John Carlson -- In his only WJC appearance, Carlson scored the biggest goal in U.S. junior hockey history last year. In overtime of the gold-medal game, Carlson finished a 2-on-1 rush by rifling a shot past Canada goalie Martin Jones to lead the U.S. to its second-ever WJC gold medal. The goal was Carlson's fourth of the tournament, tops among all defensemen, and helped him earn a spot on the tournament All-Star team. He also had 7 points and a plus-8 rating.
Viacheslav Fetisov -- Fetisov was named to the IIHF Centennial All-Star Team in 2008 thanks to a spectacular international career that started with the first two editions of the WJC. Fetisov, playing for the USSR, is the only two-time winner of the tournament's Best Defenseman award. He finished with 6 goals and 15 points in 14 games, as well as a pair of gold medals.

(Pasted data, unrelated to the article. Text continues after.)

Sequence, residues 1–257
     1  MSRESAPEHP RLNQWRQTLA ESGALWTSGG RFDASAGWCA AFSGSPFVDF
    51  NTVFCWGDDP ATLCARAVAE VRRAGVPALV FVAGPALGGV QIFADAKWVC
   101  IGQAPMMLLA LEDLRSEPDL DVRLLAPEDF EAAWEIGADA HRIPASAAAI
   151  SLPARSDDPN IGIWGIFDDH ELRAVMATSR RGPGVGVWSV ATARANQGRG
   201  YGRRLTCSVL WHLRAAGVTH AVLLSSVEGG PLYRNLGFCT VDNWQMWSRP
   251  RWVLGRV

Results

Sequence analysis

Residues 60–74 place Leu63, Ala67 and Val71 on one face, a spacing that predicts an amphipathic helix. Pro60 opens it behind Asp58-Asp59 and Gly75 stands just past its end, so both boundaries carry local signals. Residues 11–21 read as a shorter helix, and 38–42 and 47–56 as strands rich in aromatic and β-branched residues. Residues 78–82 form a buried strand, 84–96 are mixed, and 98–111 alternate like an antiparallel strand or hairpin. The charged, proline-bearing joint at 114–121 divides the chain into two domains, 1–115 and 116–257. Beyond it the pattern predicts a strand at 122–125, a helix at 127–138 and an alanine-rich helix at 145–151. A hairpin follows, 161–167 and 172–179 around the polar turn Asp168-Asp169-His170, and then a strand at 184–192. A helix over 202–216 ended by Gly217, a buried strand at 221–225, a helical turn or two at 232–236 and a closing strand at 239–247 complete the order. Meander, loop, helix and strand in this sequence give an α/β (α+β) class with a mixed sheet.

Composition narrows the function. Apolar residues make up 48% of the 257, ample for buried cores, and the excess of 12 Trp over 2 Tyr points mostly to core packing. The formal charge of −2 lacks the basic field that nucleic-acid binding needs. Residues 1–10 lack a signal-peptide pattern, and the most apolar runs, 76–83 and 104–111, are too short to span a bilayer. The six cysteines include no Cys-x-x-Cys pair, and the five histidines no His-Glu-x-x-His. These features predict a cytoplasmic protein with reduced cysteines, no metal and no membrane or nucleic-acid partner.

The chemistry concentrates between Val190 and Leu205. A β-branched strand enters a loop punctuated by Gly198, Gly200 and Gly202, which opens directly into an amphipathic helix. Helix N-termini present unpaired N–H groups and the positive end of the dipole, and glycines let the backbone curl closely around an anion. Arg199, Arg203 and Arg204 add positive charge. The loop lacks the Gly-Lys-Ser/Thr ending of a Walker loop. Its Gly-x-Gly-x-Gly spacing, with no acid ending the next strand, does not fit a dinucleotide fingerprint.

Kenny Jonsson -- The defenseman was at the forefront of a golden era in Swedish junior hockey. Jonsson had 8 points in seven games to win the Best Defenseman award at the 1994 WJC, when he helped Sweden win a third-straight silver medal. In two tournaments, Jonsson had 5 goals and 13 points in 14 games, and a pair of silver medals.
Bryan McCabe -- McCabe had one of the greatest single-tournament performances by a Canadian blueliner at the 1995 event. He had 9 assists and 12 points in seven games as Canada won a gold medal and McCabe took home the award for Best Defenseman.